The inclusion of local people in the future-fantasy panel was particularly crucial to the concept of this mural, because I strived to conjure up a vision for a more uplifting, welcoming, convivial and beautiful environment in this neighborhood *without a change in population*—in other words: improvement without gentrification.
For the same reason, I tried to let this utopian painting “grow from below”—through a participatory process that I describe further [here], and through relationships with the neighborhood that were deepened through the sheer length of time spent on this mural, witnessing and engaging with the street.
The inclusion of all these community members made the wall a remarkable meeting place for people of all walks of life and cultural backgrounds. People who had been painted into the mural would repeatedly return along with a posse of friends or family members, and sometimes more than one such group would show up at the same time. When that occurred, they’d often end up talking to each other—even if they belonged to groups that I didn’t usually see interacting in the streets.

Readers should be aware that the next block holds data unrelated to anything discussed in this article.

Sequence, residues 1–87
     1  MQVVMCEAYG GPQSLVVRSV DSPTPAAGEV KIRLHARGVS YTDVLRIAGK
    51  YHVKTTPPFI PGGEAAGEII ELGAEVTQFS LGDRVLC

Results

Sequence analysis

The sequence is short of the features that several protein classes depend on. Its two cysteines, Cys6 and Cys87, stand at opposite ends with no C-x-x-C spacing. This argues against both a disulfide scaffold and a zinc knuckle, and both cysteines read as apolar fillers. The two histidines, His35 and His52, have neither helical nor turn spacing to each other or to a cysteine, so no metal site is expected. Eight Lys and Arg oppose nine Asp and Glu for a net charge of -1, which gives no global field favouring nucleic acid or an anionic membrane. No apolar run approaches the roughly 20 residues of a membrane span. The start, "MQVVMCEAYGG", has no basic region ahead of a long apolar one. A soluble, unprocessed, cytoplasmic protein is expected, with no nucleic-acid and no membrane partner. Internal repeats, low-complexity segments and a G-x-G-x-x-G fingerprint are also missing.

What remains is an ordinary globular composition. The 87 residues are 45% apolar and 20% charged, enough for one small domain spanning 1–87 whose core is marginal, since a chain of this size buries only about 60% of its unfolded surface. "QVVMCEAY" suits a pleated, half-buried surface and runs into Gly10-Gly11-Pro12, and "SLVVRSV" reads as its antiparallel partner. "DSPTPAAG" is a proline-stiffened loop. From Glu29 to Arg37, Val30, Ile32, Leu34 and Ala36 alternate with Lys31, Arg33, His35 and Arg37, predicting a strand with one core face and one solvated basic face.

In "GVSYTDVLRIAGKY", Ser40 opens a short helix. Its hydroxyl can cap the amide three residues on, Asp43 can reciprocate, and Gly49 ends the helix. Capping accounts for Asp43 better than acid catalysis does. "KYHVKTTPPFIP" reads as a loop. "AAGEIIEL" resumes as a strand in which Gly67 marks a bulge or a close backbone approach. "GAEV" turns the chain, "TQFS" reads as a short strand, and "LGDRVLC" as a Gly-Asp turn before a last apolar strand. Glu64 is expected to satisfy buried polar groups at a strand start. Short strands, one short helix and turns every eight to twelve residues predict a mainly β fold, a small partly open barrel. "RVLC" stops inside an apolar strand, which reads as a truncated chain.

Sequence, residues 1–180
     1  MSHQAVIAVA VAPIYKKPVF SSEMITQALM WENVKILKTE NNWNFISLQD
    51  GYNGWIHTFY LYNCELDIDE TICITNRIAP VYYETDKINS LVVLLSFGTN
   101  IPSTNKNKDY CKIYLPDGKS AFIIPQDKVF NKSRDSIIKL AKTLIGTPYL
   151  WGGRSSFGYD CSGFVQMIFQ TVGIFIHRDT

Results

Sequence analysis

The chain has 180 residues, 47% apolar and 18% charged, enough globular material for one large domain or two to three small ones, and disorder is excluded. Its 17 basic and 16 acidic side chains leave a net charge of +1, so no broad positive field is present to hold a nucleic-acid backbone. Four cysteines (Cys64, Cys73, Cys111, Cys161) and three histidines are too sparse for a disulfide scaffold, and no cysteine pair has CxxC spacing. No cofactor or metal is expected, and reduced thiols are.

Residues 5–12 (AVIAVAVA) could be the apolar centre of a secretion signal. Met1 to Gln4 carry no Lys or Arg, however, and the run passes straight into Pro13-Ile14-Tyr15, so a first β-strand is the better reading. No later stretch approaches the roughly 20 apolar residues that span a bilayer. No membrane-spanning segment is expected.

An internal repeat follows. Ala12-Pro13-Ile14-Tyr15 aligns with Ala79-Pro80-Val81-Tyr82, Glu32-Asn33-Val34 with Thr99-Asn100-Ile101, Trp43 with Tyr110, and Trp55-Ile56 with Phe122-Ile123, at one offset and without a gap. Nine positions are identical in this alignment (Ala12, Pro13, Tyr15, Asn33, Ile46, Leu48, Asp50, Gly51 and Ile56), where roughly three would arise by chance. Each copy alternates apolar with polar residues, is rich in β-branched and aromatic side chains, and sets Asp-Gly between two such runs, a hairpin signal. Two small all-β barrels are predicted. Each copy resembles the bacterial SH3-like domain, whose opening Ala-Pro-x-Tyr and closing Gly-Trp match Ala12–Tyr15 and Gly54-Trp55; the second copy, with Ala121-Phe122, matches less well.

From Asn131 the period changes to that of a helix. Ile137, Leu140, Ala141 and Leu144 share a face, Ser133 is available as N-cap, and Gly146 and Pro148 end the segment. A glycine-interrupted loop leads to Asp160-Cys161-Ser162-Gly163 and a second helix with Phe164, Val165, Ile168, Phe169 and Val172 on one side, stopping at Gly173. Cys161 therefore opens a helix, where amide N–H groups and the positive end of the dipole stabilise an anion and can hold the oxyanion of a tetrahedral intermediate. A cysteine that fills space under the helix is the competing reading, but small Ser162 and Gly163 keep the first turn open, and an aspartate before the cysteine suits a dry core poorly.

I was told several accounts of the mural functioning as a community mixer in this way even when I wasn’t there, for example: “We came last night… and those folks over there whom I always see but never talked to were here too… we ended up shaking hands…”
It is when this type of thing happens that the mural is “working”, and its goals are accomplished.
The Granada theater, later renamed Paramount, was a spectacular art-deco cinema which used to stand directly across the street from the mural. It was torn down as recently as 1965, making room for the current parking lot. Its entrance and façade used to be on Market street.
so much detail and history in Mona Caron’s murals.
The Central Subway is coming, like it or not, and that means Fourth Street will get Muni Metro service starting in 2019. With that in mind, the SF Planning Department recently released the draft Central Corridor Plan, which sets the stage for upzoned transit-oriented development near new stations and street improvements to accommodate a growing population in a rapidly changing section of SoMa.
The Central Corridor Plan also calls for turning several alleyways into pedestrianized public spaces, creating new parks, as well as adding more alleyways required as part of new development.
Central Corridor Plan Envisions Transitways and Safer Streets for SoMa. sf.streetsblog, 13.06.13.
I support the local economy by making tourists buy embroidered SF fleeces at Fisherman’s Wharf because they didn’t realize July is actually winter and all their t-shirts and flip fops aren’t helping them stay warm. —